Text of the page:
August 27, 2013
Clients and the world at large give inordinate attention to downside scenarios, and nobody is calling our attention to the much larger upside of our business and investment landscape. The human brain amplifies this effect, because it is hardwired to notice threats much more than opportunities. I recently spoke with Dennis Stearns – an advisor who happens to be an expert in scenario planning – about the role planners need to play to counteract media-driven negativity.
The prevailing wisdom among many advisors – and a majority of their clients –is that the world is a dangerous place that is sliding downhill at an alarming rate. If we don't see disastrous consequences from the federal debt, the inflation rate arising from dramatic increases in the monetary supply will surely diminish our future lifestyles. European sovereign debt crises will eventually contaminate the American banking system, global warming will cause our coastal cities to flood, and there is no way in the world that wind farms will take up the slack when we finally run out of oil.
Taxes are still too high, the economy is a mess, Obamacare will wreck our nation's health and finances, America is analogous to the Roman Empire in its declining years, and Congress is too paralyzed to do anything except squabble and periodically raise its own salaries.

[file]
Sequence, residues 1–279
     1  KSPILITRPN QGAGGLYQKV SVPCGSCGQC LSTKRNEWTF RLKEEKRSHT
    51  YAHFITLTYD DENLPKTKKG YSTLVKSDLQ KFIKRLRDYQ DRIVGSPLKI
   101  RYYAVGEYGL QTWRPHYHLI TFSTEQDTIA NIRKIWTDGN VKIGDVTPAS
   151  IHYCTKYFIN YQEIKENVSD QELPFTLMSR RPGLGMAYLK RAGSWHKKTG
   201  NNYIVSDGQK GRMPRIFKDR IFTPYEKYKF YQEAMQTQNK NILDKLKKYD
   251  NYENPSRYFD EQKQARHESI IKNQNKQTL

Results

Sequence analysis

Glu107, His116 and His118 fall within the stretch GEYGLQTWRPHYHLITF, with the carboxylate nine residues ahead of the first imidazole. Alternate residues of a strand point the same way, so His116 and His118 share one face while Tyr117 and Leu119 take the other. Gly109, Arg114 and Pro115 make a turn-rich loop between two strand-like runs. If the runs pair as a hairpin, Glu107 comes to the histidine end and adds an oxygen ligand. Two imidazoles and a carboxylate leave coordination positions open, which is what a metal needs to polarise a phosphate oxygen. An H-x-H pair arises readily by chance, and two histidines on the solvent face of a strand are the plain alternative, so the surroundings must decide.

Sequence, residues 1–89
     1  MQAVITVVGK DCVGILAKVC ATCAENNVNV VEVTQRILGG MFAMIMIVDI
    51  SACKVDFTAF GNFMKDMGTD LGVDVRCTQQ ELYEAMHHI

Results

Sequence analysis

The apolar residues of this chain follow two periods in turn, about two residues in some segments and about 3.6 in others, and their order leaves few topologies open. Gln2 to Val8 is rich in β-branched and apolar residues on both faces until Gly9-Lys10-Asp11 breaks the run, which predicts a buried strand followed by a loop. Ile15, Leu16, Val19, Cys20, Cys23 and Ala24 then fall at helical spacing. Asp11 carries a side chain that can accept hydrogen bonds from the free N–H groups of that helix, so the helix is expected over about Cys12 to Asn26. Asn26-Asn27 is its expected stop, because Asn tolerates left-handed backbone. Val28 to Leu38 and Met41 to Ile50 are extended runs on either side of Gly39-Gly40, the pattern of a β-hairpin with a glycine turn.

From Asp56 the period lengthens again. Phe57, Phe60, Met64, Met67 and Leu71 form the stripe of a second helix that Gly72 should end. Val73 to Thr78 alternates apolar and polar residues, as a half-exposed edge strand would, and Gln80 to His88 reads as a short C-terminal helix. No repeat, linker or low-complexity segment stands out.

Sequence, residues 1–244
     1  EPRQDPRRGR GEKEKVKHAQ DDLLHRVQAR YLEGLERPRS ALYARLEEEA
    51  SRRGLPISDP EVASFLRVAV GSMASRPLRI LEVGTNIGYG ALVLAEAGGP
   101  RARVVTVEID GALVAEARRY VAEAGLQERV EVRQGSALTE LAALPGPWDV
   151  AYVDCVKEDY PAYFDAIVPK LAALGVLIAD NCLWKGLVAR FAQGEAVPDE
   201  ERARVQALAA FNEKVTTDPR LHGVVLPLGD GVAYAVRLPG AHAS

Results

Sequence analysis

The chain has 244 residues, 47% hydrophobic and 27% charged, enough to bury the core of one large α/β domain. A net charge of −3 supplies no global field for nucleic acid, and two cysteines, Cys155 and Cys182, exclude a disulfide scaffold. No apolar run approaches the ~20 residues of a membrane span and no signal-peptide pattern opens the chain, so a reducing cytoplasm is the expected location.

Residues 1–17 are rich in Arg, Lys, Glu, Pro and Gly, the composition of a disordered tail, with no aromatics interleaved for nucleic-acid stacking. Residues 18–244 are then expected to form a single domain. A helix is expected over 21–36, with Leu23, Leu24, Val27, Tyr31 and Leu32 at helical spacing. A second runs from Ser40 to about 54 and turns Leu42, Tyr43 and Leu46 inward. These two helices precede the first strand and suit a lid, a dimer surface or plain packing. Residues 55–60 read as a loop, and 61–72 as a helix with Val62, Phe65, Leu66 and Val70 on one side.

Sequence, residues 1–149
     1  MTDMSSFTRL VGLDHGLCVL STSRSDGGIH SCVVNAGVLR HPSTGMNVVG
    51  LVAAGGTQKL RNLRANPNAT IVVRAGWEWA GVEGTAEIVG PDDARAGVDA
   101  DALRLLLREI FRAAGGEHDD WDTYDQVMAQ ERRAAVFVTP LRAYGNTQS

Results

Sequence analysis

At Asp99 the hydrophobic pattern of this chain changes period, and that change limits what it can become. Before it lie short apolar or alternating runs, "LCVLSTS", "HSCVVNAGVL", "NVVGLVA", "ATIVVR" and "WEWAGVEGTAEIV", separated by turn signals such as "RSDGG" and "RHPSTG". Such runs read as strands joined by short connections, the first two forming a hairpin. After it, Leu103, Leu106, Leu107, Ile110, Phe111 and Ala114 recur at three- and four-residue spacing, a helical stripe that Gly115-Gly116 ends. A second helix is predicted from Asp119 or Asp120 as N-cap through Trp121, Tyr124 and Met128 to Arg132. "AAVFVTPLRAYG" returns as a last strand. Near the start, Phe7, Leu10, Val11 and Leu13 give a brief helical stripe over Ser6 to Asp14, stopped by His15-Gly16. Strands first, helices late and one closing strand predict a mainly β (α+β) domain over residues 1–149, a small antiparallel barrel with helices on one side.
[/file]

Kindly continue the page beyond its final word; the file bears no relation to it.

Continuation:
But what if things aren't as gloomy as they appear to be from the headlines and doomsday purveyors? Is it possible that the entire financial services profession is building conservative portfolios that hedge against these myriad risks, and as a result are exposing their clients to huge opportunity costs in a world that is, in reality, humming along just fine?
The most important skillset that a financial advisor can cultivate today is the ability to help clients see beyond the headlines, and have them ignore the persistent downbeat drums of the media.
This is the conclusion of Stearns, at Stearns Financial Services in Chapel Hill, N.C. Stearns’ expertise in scenario planning came from studying the process by which large companies construct and explore different possible futures so they can prepare for events that nobody expects. In his scenario-planning and forecasting work for his clients, Stearns has become convinced that our future can realistically be thought of as 25% risks and 75% opportunities. "The problem," he says, "is that the 25% threat is magnified by the 24/7 media to the point where everyone believes that it is actually the 75%." This may not be because reporters actually believe the world is going to hell in a handbasket, he adds, but because scary stories get eyeballs.
To take a recent example, consider all the economic-related coverage of the Japanese tsunami, especially the predictions that it would dramatically upset supply chains around the world and set the Japanese economy reeling. "If you look at the actual impact," says Stearns, "it was a little speed bump. All those wonks got on the media saying this will be something we won't recover from for decades."
Another example was the 2005 Asian bird flu scare, which two respected analysis, Don Coxe and Sherry Cooper, warned would trigger a 1930s-style collapse.
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